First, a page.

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The following is excerpted from a special edition history of Alfred A. Knopf, on the occasion of the company’s 100th anniversary.
Alfred A. Knopf was born on Central Park West in 1892, the son of a successful adman. He was a bookish child and at 16 entered Columbia, where he proved a mostly indifferent student (and even flunked economics, a bad omen for a future businessman). Years later he compared Columbia to the prison at Sing-Sing. But while there he came under the sway of Joel Spingarn, a popular comp lit professor, who encouraged the young Knopf to abandon his law school plans and go into publishing instead. At that point (and for years to come), Knopf’s tastes were mostly Anglophile and a little snobbish; while still in college he began a pen-pal friendship with the British novelist and playwright John Galsworthy, who out of sheer generosity and goodwill, it seems, became a mentor, benefactor, and unofficial scout.
Knopf’s first job, which his father helped him to get, was with the publisher then known as Doubleday, Page. He went through the place “like a shot,” he later recalled, lasting for 18 months and mostly working in accounting and advertising, though he did have a minor editorial success resuscitating the American career of Joseph Conrad, to whom he had been introduced by Galsworthy. Knopf ’s next stop—with Mitchell Kennerley, a noted British publisher who had transplanted himself to America—lasted just 14 months and ended when Knopf, who already had plans to start a publishing house of his own, was caught trying to poach Joseph Hergesheimer, probably Kennerley’s most profitable author.
Knopf was just 22 when he started out on his own in September 1915, with $5,000 advanced to him from his father. (In today’s money, that would be more like a $100,000.) The company’s first office was in the Candler Building, on West 42nd Street, in space rented by Knopf’s father, and besides Alfred the staff consisted of a secretary, an office boy, and an editorial assistant named Blanche Wolf, who happened to be Knopf’s fiancée. The new firm’s first publication was not an auspicious start: a translation of four plays, bound in orange and blue, by the exceedingly minor French playwright Émile Augier—a book for which, Clifton Fadiman once said, “no crying need existed.” The upside for Knopf was that he probably got the rights for next to nothing.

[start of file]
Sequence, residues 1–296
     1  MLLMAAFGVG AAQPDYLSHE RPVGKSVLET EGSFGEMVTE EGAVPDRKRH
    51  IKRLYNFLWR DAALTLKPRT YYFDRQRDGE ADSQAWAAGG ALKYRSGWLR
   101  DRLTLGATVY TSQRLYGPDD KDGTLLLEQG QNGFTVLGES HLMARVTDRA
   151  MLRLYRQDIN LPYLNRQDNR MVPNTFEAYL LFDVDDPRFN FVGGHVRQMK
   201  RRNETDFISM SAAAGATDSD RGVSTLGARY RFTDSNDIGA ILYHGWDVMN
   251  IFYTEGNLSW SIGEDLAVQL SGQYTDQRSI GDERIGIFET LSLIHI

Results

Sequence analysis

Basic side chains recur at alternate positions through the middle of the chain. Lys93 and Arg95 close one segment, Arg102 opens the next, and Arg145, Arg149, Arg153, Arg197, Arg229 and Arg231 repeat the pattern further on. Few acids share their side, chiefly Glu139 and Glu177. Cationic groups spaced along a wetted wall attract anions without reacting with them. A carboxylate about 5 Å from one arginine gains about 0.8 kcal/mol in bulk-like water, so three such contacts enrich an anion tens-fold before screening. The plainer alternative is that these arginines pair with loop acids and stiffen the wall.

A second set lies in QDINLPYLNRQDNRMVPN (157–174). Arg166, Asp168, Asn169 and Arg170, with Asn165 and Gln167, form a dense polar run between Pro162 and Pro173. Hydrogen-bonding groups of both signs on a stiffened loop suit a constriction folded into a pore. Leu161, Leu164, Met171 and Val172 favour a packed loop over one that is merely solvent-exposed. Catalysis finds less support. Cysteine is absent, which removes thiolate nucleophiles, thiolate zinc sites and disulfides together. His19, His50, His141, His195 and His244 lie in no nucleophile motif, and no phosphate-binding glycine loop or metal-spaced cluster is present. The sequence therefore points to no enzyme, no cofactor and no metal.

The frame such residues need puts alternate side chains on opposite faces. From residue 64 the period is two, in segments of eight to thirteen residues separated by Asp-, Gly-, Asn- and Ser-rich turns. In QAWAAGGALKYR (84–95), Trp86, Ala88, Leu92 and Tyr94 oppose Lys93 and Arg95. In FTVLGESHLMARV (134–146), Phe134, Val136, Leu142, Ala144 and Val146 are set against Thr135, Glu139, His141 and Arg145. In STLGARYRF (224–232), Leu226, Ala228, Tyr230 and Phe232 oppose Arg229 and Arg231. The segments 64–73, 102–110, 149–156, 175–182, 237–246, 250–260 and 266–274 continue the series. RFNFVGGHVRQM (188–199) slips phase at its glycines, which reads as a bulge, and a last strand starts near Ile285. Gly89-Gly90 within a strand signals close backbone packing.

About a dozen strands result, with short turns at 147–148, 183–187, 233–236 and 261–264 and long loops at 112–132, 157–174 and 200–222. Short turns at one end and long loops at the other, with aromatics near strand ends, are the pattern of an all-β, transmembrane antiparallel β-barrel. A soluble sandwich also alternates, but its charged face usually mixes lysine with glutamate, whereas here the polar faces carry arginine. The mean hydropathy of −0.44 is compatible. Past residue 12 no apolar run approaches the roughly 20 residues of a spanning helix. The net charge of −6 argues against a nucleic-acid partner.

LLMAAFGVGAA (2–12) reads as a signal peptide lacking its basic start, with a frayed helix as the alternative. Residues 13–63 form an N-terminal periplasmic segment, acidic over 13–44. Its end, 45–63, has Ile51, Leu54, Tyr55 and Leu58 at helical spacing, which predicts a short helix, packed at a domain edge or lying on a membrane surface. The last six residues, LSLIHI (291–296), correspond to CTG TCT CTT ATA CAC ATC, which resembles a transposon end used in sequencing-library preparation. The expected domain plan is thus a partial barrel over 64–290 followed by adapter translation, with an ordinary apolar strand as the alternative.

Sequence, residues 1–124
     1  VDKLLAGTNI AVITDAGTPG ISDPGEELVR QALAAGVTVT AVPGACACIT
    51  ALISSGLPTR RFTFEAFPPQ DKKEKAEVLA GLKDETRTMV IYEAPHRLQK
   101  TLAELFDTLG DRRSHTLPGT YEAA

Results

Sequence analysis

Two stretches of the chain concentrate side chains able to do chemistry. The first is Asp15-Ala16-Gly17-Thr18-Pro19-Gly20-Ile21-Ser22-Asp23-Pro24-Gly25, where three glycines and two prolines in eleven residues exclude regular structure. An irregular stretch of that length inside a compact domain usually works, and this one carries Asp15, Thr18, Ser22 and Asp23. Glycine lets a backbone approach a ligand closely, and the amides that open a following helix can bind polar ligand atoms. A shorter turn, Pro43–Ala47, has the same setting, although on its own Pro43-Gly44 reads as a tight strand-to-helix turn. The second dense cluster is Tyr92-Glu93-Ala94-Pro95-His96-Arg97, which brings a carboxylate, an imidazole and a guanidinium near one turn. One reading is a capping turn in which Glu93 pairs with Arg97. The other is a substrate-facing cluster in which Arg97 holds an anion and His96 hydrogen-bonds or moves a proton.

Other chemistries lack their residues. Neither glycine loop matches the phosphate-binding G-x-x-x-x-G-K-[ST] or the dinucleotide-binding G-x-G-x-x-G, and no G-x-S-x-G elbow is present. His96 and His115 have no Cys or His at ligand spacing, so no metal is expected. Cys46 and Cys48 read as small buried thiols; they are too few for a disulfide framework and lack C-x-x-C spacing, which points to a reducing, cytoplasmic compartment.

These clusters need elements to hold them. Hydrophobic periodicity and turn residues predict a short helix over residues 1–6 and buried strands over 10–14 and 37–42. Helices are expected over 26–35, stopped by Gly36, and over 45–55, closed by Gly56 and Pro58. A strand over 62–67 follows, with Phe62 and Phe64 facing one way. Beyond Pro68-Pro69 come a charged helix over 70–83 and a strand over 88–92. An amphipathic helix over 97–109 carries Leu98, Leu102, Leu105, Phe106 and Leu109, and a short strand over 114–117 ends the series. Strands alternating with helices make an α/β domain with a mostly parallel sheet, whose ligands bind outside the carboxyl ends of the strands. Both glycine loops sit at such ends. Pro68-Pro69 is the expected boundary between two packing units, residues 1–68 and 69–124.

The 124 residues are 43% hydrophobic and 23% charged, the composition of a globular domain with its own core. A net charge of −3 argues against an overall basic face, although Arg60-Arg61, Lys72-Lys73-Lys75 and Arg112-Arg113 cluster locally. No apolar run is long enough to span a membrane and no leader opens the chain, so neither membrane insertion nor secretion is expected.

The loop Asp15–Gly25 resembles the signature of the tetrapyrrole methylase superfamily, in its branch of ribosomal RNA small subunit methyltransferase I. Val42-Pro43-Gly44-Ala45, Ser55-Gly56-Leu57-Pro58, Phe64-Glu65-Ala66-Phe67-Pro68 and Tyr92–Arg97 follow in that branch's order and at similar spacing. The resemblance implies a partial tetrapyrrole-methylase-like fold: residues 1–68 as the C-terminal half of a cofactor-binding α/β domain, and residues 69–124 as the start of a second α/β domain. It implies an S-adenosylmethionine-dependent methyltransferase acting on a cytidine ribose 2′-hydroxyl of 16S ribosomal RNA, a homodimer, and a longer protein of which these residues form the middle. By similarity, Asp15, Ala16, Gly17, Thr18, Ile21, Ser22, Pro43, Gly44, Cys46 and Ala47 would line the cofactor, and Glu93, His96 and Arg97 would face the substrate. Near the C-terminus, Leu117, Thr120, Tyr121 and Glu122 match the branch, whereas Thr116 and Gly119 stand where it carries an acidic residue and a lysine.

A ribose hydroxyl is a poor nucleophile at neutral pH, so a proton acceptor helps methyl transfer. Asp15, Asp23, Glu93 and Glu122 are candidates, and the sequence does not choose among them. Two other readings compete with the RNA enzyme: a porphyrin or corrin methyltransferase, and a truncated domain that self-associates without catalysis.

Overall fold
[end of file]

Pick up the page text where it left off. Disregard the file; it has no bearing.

Knopf published eleven other books in his first year of business, nine of them translations (including works by Gogol and Gorky). The first real hit was W. H. Hudson’s Green Mansions, published in 1916, which Knopf knew about thanks to Galsworthy again. The novel was actually in the public domain, having flopped in America when Putnam brought it out in 1904. Now reissued by Knopf, Green Mansions became the fledgling firm’s first real hit and also established an almost foolproof formula. The great majority of books published by the company in its early years were by Europeans. In some cases Knopf simply imported and bound sheets that had already been printed by English publishers. This low-cost, practically risk-free publishing enabled Knopf over just a few years to assemble a list of authors that now reads like a syllabus for a college course in great 20th-century literature: Thomas Mann, Sigrid Undset, Knut Hamsun, Halldór Laxness, D. H. Lawrence, Franz Kafka, Isaac Babel, André Gide, Jean-Paul Sartre, Simone de Beauvoir, Albert Camus, Oswald Spengler, Max Beerbohm, Wyndham Lewis, E. M. Forster, Elizabeth Bowen, Katherine Mansfield, and Edith Sitwell. In retrospect, it seems astonishing that so much writing of this quality was just lying around, so to speak, and that until the Knopfs came along (Blanche and Alfred married in 1916, and she quickly became a force in the company, a director and vice-president), no Americans had thought to import it.
The Knopfs had energy and taste, but they were also operating out of necessity. Near the end of his career, Alfred was asked once why the company’s early focus had been so much on foreign books, and he replied that the answer was simple: anti-Semitism. “An American author wanted to be published by Harper Brothers, by Scribner, by Houghton Mifflin,” he explained. “He did not want to be published by a Jew.”
Like most publishers, Alfred didn’t like spending money, but he was scrupulously fair and paid royalties on Green Mansions, for example, even though strictly speaking he was not required to. Most of his authors came to trust and appreciate him because he brought a particular flair not just to acquiring books but to selling them. He made sales calls himself, believing that he could do it better than any sales rep; he sent out direct mailings and even corresponded with individual readers. He quickly embraced new advertising technology, buying ads on the radio, for example, and even on Times Square billboards. He wrote all the early ads himself, and the tone is partly that of a chatty confidant and partly that of a busker. This is what he wrote in his first message to booksellers: “In the first place, these books of mine are good books, and though I have been thinking about it for a long time, I cannot recall a single good book out of which both bookseller and publisher have failed to make money… Well, the first of the books are ready. You will sell a lot of them, and you will go right on selling them as long as you remain in the book business.”